You can message people who you aren’t connected with but with who you share a group.


LinkedIn groups are a great way to find professionals in your field. There are groups in every industry, ranging from interests to professions. Try to find groups with active, engaged members and consider reaching out to “influencers” or “thought leaders” within those groups. To search for groups, simply enter a keyword in the search bar, and specify that you’re looking for groups:


Another great way to get connected is through professional organizations. For all you science majors, there are so many wonderful organizations that you can join and meet people in your field. Some of our favorites include the American Association for the Advancement of Science (AAAS), the Coastal and Estuarine Research Federation (CERF), and the National Association of Environmental Professionals (AEP). This website and this website let you search for professional associations by industry. Go to events hosted by the organizations, see if they have LinkedIn or Facebook groups you can join, and try to meet as many members as possible to grow your network and find jobs that interest you.

Finally, don’t be afraid to use personal connections to build your network. Ask your family, friends, classmates, professors, etc. about people they know in your field, and ask them to introduce you. Once you have a list of contacts and have reached out to people with interesting-sounding jobs, you’re ready to conduct your informational interviews.


Step 3: Ask the right questions

You’ve develop a list of people with jobs that sound interesting – now what? If someone responds to one of your messages, ask them if they’d be willing to talk with you on the phone for about 30 minutes. If you live close to the person, maybe you could grab a coffee nearby. Either way, you want to come prepared with a few questions so that the conversation runs smoothly and that you actually learn something.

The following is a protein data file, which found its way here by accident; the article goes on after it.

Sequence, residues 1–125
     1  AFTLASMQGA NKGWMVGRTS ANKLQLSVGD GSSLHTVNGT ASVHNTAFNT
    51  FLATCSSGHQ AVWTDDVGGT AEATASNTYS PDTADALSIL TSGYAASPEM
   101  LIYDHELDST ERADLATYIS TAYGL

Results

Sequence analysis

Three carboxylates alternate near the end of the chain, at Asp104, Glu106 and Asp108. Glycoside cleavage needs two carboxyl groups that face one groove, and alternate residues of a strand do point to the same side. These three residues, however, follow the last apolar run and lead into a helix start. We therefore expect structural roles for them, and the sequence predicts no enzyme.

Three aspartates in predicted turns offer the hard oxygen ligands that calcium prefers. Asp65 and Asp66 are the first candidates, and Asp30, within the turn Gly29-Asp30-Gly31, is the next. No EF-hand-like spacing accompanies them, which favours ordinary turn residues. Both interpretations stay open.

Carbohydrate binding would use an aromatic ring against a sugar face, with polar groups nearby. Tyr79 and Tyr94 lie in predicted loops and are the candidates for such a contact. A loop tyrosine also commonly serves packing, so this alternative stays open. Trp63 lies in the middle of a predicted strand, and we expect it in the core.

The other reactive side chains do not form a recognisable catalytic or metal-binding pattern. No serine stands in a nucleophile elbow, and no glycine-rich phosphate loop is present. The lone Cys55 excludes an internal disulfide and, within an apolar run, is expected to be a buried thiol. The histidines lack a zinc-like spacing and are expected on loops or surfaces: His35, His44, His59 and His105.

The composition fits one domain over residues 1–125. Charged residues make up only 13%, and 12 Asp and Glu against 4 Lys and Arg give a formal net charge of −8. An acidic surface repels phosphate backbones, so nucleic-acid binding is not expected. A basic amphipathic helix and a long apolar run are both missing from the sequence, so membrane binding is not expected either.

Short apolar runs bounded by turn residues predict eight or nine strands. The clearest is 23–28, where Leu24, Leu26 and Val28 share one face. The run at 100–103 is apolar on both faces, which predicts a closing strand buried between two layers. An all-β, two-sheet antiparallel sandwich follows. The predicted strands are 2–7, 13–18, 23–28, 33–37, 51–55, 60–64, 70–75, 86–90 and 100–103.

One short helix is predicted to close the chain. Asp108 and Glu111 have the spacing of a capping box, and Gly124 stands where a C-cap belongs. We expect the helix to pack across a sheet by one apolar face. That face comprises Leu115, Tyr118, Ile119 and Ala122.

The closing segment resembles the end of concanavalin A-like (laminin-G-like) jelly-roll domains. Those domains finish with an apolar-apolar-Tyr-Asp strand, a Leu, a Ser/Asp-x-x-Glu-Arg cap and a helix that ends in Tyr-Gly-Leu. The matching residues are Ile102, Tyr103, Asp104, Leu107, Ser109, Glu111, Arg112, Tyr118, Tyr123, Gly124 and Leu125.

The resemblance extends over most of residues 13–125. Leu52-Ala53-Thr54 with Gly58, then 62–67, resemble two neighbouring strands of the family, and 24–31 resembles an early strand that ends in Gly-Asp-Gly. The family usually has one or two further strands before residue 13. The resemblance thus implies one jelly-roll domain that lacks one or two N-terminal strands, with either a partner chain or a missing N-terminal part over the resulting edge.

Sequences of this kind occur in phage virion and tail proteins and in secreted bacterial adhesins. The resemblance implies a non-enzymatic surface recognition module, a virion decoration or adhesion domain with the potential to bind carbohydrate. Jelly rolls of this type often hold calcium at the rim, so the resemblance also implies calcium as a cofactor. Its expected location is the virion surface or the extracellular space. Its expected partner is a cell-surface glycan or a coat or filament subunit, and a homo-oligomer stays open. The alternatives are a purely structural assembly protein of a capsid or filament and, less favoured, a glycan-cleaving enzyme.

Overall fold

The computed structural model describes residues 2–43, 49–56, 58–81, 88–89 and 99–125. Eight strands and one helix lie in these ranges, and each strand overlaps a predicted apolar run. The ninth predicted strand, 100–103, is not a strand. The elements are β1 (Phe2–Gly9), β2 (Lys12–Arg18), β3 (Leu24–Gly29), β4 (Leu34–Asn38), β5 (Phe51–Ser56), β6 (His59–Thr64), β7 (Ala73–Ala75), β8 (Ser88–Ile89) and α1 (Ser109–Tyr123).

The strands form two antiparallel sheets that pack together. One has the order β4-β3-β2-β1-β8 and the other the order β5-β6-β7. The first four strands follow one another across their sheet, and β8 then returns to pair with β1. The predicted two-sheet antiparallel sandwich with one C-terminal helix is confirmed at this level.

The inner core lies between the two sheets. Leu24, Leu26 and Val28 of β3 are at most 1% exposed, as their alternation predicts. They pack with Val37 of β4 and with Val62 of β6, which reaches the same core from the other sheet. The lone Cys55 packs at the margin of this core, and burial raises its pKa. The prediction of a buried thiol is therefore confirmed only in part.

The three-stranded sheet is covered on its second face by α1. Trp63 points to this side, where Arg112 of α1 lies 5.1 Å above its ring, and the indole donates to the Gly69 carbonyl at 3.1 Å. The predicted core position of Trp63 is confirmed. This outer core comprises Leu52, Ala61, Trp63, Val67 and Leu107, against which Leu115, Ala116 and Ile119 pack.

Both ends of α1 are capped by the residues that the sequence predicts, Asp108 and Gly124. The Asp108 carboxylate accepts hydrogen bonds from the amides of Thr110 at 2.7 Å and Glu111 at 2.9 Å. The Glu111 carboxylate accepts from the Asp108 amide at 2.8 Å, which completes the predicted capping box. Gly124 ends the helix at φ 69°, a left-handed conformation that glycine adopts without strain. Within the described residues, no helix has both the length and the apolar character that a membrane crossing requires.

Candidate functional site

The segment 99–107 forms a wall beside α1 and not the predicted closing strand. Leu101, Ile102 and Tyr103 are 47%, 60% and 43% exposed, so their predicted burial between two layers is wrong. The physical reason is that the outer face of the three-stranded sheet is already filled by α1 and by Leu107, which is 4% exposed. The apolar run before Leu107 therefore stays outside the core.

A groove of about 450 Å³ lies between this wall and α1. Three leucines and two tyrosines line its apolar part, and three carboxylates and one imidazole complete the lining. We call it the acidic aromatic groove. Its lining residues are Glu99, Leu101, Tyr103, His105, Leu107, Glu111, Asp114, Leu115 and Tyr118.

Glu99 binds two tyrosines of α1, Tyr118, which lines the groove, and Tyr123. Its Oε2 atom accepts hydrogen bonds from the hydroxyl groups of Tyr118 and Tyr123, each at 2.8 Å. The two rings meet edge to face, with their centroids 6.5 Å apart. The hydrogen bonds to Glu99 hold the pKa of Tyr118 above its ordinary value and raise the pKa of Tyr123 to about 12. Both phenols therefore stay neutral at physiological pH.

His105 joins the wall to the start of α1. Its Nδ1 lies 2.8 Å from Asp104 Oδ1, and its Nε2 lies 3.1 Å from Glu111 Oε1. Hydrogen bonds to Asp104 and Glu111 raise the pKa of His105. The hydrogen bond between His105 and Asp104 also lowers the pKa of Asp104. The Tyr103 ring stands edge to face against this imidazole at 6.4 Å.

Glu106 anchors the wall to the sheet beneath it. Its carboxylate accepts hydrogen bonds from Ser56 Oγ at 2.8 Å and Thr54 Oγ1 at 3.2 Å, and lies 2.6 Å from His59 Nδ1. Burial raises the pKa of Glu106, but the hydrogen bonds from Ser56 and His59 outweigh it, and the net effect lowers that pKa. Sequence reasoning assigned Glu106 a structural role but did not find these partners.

First, make sure you introduce yourself and provide a brief overview of why you want to meet with them. Most people are happy to engage with students and young professionals to talk about their career path and offer suggestions, as long as you are respectful of their time and appreciative of their recommendations.

Here is a list of questions that you might ask:

  1. How long have you been at your company?
  2. What did you do before your current job?
  3. Are there any special skills you need to do your job?
  4. What was your degree in? Did you need any specific classes or trainings to get your job?
  5. Do you like your job? What are your favorite things about it? What are your least favorite?
  6. Do you feel like you’re making an impact in your job? Do you find this work fulfilling?
  7. What do you do to meet people in your field and stay up on trends? (publications, blogs, professional associations, etc.)
  8. What do you wish you had known upon graduating?
  9. Could you introduce me to others in your field?

You may not have time to ask all of these questions. The important thing to  remember is that you’re trying to determine whether or not you could see yourself in a similar career as the person you are interviewing and, if so, what you need to get there. Don’t be afraid to ask them if they can introduce you to others with similar jobs, as those people may have different insights. The whole purpose of this exercise is to grow your network.

After you conduct your interviews, connect with those people on LinkedIn and send them a short thank-you note. Follow up with them when you’re looking for jobs and internships in the future, and keep an eye on their companies for openings. Having that personal connection could be the difference between standing out and having your resume at the bottom of the stack.

Informational interviews are a great way to learn about jobs in your field and grow your network. Using these tips, you can meet people who already have the dream job you want, and learn about the skills and training you need to get there. It might seem intimidating to reach out to strangers, but remember that everyone likes to talk about what they do, and will likely be flattered and willing to help a fellow alum.